However, if your recipe doesn't require creaming butter and sugar, you have some room to play around. This scenario is when figuring out the desired texture of your bake comes in. Because oil stays a liquid at room temperature, the texture of baked goods that use oil is satisfyingly moist. Oil "can create a denser, richer product, which can be ideal in things like fudgy brownies or some cakes," pastry chef Rachel Rathget of Husk Nashville explained to HuffPost.

Moreover, some cakes require oil to achieve their signature textures, like a chiffon cake's "cloudlike texture" (per King Arthur Baking). Jessie Sheehan of The Washington Post points out that bakes using oil also have practical benefits. For example, creaming butter and sugar takes time and more dishes. Recipes using oil could ultimately be more efficient.

Weighing texture versus taste when baking

When substituting oil for butter, it's best to figure out your ideal texture. Consider whether decoration or structure requires a denser and sturdier bake or whether delicate, softer crumbs will be more satisfying. Then, take into account your ingredients. While butter and oil are both fats, they're comprised of different things. Oil is made up of only fat, whereas butter's other components will affect your bake.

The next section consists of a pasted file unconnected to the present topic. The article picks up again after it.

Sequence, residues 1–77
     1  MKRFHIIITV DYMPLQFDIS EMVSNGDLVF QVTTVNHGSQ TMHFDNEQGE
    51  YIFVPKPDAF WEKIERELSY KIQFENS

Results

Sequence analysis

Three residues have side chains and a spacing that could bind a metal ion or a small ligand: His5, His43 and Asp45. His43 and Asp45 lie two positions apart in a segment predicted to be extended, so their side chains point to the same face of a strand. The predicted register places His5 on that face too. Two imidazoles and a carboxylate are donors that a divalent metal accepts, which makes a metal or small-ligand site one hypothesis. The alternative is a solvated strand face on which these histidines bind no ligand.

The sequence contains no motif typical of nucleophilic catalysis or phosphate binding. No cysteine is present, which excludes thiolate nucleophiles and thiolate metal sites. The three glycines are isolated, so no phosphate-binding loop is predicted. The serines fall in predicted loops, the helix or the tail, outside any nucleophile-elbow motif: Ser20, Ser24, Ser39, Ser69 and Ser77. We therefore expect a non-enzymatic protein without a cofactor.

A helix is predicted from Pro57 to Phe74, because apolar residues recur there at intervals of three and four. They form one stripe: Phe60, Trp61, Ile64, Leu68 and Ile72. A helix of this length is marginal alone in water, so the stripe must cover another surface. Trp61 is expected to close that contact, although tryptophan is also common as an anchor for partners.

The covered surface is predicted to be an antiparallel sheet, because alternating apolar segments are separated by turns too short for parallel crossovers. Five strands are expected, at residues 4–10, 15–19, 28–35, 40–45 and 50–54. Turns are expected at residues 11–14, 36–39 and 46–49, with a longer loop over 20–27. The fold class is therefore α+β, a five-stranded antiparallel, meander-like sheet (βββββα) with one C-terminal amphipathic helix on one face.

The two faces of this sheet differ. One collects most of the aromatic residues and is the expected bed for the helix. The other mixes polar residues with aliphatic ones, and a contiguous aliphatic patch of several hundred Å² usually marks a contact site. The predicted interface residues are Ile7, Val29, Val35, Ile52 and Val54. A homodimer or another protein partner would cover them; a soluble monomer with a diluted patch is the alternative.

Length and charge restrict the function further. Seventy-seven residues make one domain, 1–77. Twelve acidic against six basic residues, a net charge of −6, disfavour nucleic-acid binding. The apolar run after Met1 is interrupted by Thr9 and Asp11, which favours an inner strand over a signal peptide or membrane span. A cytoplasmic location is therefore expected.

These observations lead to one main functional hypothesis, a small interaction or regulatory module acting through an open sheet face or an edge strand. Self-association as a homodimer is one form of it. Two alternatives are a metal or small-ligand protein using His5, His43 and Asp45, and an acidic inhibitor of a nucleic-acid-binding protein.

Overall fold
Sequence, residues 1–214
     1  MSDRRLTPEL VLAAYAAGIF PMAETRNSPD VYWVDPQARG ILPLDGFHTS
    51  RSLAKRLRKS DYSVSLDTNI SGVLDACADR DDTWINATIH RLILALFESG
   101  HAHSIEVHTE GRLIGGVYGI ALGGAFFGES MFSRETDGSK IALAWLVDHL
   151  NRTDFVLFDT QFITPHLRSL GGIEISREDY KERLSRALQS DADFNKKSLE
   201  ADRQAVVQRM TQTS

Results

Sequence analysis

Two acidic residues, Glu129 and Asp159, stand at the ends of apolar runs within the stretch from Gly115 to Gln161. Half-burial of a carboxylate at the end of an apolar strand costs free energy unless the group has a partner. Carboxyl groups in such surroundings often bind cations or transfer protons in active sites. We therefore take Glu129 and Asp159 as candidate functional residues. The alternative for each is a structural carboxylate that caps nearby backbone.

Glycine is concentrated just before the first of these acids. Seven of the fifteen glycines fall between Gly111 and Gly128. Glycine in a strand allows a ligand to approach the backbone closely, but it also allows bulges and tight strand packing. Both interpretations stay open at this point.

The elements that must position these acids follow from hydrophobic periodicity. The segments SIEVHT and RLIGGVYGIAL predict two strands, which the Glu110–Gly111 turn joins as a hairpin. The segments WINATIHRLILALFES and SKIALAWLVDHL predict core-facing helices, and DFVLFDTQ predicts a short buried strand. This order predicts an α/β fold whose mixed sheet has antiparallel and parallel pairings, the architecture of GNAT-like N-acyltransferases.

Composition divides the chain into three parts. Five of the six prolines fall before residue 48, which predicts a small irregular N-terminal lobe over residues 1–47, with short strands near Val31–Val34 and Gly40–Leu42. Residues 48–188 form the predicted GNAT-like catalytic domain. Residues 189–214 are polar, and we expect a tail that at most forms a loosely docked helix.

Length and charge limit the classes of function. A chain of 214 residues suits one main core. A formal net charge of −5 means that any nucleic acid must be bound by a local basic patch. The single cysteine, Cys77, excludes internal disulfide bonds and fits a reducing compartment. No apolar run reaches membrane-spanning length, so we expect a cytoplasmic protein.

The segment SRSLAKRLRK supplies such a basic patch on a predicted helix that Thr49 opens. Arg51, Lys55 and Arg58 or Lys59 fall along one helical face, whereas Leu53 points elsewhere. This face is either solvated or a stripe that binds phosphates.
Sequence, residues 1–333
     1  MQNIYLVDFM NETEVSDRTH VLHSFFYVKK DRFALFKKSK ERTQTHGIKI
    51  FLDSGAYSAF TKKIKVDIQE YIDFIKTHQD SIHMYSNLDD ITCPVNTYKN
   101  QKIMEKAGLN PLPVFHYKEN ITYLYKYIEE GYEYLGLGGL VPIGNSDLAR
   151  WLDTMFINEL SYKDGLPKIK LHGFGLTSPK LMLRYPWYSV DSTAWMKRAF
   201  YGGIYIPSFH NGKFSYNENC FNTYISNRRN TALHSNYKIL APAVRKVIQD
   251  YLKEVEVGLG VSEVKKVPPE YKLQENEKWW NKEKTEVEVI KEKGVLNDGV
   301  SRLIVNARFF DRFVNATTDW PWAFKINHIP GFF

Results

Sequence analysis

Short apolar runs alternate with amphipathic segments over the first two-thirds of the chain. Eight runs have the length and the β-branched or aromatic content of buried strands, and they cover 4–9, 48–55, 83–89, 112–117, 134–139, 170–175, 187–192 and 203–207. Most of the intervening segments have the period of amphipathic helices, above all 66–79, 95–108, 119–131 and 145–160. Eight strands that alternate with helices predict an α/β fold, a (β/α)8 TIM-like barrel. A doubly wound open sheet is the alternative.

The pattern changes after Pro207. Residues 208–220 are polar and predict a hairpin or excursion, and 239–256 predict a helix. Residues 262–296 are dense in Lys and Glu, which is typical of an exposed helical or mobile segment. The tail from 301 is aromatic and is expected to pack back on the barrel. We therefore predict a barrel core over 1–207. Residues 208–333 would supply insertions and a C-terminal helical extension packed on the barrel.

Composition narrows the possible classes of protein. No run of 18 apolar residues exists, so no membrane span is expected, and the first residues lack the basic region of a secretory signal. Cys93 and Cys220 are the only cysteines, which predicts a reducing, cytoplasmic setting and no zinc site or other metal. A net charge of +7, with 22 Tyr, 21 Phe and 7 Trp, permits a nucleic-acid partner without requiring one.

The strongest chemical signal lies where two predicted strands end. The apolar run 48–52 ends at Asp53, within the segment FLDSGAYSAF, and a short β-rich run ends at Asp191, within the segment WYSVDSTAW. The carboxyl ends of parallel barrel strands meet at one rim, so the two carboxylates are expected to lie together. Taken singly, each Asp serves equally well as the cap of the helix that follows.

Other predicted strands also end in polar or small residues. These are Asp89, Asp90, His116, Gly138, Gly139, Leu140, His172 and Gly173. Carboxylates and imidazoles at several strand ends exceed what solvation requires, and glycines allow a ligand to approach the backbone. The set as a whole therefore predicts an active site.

Per Food52, butter also contains water — about 16-18%. As noted earlier, water bonds with flour to create gluten, which can cause a gummier, denser texture. But a denser bake doesn't mean it's inferior. In fact, sometimes, like in the case of tiered cakes, a denser butter-based texture is preferred to ensure it all holds together (via Epicurious).

Next, it's time to think about taste. Speaking with Epicurious, cookbook author Rose Levy Beranbaum noted that flavored oils provide excellent opportunities to experiment with bold flavors like citrus and spice. And as she explains, a little goes a long way, stating that extracts aren't "nearly as intense or pure as citrus oil."